I once awoke in the middle of the night, shivering cold, with a yawning empty pit in my stomach. I had been vividly dreaming about gorging myself on baby-back ribs dipped in melted butter.
In grocery stores, we’d be resentful when brands advertised low fat content, and scour the aisles for snacks that contained the most calories per ounce.
People often ask me what the scariest or craziest or most difficult part of the trail was. Many moments come to mind but a few really stick out. One evening we saw a rattlesnake, a scorpion, and a black widow spider within an hour of one another. We did not sleep well that night.
On another occasion, a brown bear the size of a Fiat trundled lazily into our camp during dinner and proceeded to shred a nearby tree to pieces with paws the size of hubcaps. Luckily, the bear was more interested in grubs in the tree bark than in our instant mashed potatoes.
One afternoon I walked straight into a many-acre forest fire in southern Oregon, a dozen helicopters crisscrossing the sky, and was asked by an incredulous firefighter just what the hell I thought I was doing there. Couldn’t I see the miles-wide plume of black smoke I was stumbling towards?
Of course, everyone who attempts an end-to-end thru-hike will have similarly incredible stories.
When hiking by himself at dusk, Matt was once stalked by a mountain lion. Kristin and Leo each got terribly lost in the heart of California’s High Sierra when the trail unceremoniously disappeared. Another friend slipped crossing a snowfield and tumbled downhill before coming to a stop, dazed, in a jumble of rocks above thousands of feet of ice and boulders.
All these stories miss the point to some degree. Why go hiking in the first place? Why push on, through rain and snow and sun, through blisters and shin splints and lost blood and tears?
Why continue when your gear, and then your body and mind begin to breakdown? It is hard to imagine just how long of a trail the PCT really is until you try and hike it.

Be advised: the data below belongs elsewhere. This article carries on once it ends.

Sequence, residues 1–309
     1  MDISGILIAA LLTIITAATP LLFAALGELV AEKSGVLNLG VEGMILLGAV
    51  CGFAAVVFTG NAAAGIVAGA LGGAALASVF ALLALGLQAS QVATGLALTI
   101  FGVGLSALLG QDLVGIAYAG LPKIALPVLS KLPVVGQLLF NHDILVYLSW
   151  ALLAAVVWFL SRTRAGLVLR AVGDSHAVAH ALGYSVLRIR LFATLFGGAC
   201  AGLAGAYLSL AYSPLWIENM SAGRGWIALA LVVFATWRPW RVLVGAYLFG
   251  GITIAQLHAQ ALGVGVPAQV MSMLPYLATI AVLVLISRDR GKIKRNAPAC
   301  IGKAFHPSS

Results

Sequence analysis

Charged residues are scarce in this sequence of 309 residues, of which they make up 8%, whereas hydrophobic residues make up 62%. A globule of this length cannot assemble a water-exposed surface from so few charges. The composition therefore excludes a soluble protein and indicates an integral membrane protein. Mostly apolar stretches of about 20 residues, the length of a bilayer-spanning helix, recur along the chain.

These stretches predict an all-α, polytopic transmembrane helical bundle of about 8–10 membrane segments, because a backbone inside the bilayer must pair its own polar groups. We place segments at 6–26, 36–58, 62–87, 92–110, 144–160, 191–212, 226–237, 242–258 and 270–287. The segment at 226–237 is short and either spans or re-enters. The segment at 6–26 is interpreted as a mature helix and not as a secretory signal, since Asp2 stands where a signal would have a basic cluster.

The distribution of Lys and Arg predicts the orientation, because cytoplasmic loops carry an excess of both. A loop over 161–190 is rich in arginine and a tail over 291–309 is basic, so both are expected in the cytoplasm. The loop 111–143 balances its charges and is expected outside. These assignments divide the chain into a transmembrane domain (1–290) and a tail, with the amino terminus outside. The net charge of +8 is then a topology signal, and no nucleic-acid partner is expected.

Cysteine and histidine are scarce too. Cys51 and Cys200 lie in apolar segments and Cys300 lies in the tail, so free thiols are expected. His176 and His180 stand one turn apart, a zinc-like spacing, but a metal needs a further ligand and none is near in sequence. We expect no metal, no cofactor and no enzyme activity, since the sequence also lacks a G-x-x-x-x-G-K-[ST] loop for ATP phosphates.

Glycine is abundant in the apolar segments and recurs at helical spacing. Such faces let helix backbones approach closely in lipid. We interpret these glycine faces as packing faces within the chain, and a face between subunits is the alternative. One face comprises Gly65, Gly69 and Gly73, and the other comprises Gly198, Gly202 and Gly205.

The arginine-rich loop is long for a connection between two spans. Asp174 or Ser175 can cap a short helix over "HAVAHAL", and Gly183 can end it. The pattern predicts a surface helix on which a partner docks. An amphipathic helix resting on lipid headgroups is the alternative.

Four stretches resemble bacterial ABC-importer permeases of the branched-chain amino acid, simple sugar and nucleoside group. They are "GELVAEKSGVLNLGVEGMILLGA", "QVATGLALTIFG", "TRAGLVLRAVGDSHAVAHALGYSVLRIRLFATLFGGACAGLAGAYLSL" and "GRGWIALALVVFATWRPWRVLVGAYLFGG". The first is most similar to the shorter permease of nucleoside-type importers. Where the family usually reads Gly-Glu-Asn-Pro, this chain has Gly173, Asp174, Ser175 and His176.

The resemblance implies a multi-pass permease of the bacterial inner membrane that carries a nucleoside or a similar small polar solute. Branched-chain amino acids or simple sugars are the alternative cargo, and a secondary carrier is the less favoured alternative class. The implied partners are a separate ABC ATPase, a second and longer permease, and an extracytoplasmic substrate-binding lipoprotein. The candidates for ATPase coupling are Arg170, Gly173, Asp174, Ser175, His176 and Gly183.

Walk for a month, and you will have hardly begun. Every single day, there will be a moment, or many moments, when part of you wants to give it all up.
If you saw my friends and I that day in Washington, thousands of miles beneath our feet, bedraggled and filthy, careening through the deep-green forest with patchwork backpacks and wild-eyed grins, you’d have reasonably thought we were mad.
You might have asked, “How did you get so much blood and dirt on your face?” Or, “Why are you smiling? All fair questions.
Henry David Thoreau tells us:
“I went to the woods because I wished to live deliberately, to front only the essential facts of life, and see if I could not learn what it had to teach, and not, when I came to die, discover that I had not lived.”
There are as many reasons as there are hikers, but this, for me, gets at the heart of the matter.
When I look back on the office job I held beforehand in downtown Portland, satisfying and challenging though it was, all the days seem to blur together. In contrast, every day on the trail is wholly new. Every day, something unforgettable happens.
The point is to gut life to its most essential elements and experience it for its own sake. We are hiking to Canada, but it could be anywhere. The reward is the journey itself, in the sunrises watched and the friends made along the way.
As we huddled around the campfire, Canadian clouds pouring Canadian raindrops on our heads, we took swigs from a bottle of whiskey, and laughed like children.
Sometimes, we were tempted to rush, to get to Canada as quickly as possible, to get the hike over and done with. A friend of mine had a saying: It’s not about the miles; it’s all about the smiles.
Make sure you’ve got plenty of smiles per hour, and you can’t go wrong. I’ll see you out on the trail!